BEIJING — As Russia masses troops along Ukraine’s borders, Taiwan’s President Tsai Ing-wen felt compelled to act.
She ordered the creation of a task force to study how the confrontation thousands of miles away in Europe could affect Taiwan’s longstanding conflict with its larger and much more powerful neighbor.
“Taiwan has faced military threats and intimidation from China for a long time,” Ms Tsai told a meeting of her national security advisers late last month, according to a report. statement from his office.
Perhaps more than residents of any other place in the world, Taiwanese know what it is like to live in the shadow of an authoritarian power, with China claiming the island as its own. Ms. Tsai added: “We understand the situation in Ukraine.”
Although the correlation is not exact, the confrontation between Russia and the United States over the fate of Ukraine has resonated on both sides of the Taiwan Strait, underlining the strategic calculation that China and Taiwan have made regarding the possibility of armed conflict.
In China, some saw a clash in Ukraine as a potential crisis for the United States that could undermine American support for the island, while draining attention and resources that might otherwise be directed to Chinese military ambitions in The pacific.
For Taiwan, it became a test of the strategic assumption that is central to the island’s defense: that US military forces would step in to stop a Chinese invasion.
“If Western powers don’t respond to Russia, they embolden Chinese thinking about action in Taiwan,” said Lai I-chung, president of the Prospect Foundation in Taiwan’s capital, Taipei, and a former director of the Department of Chinese affairs for the ruling Democratic Progressive Party.
The connection between the two distant conflicts took on a new dimension when Russian leader President Vladimir V. Putin came to Beijing last week and received explicit support from China over its grievances over US military strategy and NATO.
In a joint statement after their meeting ahead of the opening of the Winter Olympics, Putin and Chinese leader Xi Jinping criticized “attempts by outside forces to undermine security and stability in their common adjacent regions”. .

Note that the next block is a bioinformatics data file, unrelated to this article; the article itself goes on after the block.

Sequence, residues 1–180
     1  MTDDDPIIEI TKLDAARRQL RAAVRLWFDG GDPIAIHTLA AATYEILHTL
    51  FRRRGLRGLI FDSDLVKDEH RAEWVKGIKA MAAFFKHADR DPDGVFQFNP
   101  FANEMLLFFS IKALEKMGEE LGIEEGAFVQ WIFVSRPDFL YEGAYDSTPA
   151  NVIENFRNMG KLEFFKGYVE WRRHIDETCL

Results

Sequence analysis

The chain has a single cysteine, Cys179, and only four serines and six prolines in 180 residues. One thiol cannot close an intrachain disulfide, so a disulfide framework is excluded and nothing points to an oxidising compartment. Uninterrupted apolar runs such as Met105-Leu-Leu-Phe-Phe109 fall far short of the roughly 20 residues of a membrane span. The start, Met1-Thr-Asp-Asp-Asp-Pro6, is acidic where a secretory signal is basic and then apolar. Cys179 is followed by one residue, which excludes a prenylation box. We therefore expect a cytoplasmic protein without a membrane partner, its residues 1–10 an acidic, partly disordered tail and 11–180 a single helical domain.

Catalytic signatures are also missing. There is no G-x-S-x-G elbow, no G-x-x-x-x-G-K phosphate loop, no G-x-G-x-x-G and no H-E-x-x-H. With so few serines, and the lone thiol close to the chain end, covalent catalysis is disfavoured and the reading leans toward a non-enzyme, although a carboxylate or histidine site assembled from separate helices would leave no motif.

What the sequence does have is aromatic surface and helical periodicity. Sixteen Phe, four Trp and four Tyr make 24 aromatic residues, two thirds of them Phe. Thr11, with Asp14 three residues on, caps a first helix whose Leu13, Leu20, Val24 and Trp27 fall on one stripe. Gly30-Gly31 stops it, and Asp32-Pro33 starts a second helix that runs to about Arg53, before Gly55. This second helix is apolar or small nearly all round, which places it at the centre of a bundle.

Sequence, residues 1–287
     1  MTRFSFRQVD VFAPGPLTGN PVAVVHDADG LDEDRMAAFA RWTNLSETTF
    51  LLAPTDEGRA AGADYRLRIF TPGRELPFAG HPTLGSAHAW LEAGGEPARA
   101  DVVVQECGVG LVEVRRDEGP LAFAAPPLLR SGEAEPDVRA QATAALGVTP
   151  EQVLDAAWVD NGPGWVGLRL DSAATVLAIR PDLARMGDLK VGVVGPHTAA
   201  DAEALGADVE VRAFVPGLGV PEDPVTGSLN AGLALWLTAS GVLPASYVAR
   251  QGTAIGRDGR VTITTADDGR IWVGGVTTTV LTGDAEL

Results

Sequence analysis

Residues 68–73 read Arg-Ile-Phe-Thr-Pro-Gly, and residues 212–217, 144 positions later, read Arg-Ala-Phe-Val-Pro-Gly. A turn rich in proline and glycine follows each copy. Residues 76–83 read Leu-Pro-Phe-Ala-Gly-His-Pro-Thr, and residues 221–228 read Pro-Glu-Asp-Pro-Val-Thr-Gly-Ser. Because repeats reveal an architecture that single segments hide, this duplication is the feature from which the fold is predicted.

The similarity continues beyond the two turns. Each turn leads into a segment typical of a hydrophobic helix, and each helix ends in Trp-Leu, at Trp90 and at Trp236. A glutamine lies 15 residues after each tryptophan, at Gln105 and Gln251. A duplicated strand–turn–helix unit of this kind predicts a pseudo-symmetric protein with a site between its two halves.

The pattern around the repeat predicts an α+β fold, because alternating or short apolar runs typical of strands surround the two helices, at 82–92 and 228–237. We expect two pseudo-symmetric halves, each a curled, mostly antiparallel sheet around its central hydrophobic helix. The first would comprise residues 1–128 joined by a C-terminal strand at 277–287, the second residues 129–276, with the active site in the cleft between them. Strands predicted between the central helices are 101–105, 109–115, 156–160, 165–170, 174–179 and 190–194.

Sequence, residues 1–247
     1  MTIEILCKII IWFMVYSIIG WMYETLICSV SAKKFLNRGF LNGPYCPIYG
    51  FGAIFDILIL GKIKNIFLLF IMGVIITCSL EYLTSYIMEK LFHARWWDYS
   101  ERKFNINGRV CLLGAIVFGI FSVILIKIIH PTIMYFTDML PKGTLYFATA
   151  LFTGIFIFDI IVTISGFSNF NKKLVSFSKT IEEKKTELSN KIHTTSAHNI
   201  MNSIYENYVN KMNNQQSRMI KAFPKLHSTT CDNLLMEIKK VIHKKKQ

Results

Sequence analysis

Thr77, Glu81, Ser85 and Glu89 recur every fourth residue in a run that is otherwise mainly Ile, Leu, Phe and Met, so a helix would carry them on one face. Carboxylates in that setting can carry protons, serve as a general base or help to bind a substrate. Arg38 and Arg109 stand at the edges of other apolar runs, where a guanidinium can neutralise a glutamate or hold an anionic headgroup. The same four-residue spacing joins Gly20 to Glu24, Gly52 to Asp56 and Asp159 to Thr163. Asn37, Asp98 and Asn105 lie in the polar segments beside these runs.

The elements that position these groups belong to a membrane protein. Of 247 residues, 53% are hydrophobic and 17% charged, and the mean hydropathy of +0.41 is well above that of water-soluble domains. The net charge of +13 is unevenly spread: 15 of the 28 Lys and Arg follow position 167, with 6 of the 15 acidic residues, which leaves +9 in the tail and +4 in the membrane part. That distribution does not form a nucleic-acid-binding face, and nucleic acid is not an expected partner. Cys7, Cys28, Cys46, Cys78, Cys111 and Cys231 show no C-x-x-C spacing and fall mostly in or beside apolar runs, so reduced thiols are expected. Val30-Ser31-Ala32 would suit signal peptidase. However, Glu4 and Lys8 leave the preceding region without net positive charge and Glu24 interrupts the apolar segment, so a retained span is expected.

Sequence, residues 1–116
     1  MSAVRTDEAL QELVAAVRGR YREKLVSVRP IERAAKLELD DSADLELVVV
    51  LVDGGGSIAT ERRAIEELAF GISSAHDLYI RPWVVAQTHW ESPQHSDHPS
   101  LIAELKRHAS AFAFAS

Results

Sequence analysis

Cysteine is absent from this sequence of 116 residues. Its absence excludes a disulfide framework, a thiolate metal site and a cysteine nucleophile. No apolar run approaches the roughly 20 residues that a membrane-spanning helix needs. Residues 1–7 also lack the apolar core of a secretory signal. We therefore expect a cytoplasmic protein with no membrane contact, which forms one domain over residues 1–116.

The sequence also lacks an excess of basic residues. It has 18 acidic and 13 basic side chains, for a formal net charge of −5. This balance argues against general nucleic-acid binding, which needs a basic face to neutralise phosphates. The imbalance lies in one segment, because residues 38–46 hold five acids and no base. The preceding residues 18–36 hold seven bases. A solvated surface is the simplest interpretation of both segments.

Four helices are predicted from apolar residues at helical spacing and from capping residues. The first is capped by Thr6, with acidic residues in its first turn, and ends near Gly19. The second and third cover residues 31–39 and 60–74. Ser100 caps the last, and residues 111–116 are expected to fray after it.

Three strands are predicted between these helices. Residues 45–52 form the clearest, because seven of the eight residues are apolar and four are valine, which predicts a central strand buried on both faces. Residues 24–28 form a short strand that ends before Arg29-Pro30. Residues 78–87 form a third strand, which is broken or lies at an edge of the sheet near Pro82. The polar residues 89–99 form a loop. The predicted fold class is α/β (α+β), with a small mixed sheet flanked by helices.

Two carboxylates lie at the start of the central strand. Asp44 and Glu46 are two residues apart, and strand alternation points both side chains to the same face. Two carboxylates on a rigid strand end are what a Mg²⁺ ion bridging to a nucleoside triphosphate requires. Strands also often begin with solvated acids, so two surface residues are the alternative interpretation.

Although their statement did not mention Ukraine by name, Mr Putin extracted China’s most explicit remarks to date opposing further NATO expansion. Mr Putin also reaffirmed Russia’s recognition of Taiwan as “an inalienable part of China”.
The joint statement drew a strong rebuke from Taiwan’s foreign ministry, underscoring mistrust of the deepening partnership between China and Russia.
“At a time when the world pays attention to the Winter Olympics, encourages athletes around the world, and pays attention to human rights abuses in China, the Chinese government has used the Russian summit to stage an authoritarian expansion, who insulted the spirit of peace proclaimed by the Olympic rings,” Joanne Ou, spokeswoman for the ministry, said in a statement.
“He will be despised by the Taiwanese people and despised by democratic countries.”
Chinese leaders watched the confrontation carefully, seeing it as a test of American influence and resolve. China has claimed Taiwan as part of a unified nation since defeated national forces retreated to the island in 1949 following the country’s civil war.
US support for the island, including hundreds of millions of dollars in arms sales over decades, has long been an irritant in relations with China, just as US support for Ukraine is. for Mr Putin today.
Beijing’s view of the island is not unlike Mr. Putin’s view of Ukraine as a historical and cultural part of Russia. Russia’s efforts to push back on NATO also echo China’s complaints about US efforts to strengthen alliances and partnerships in Asia, including with Taiwan.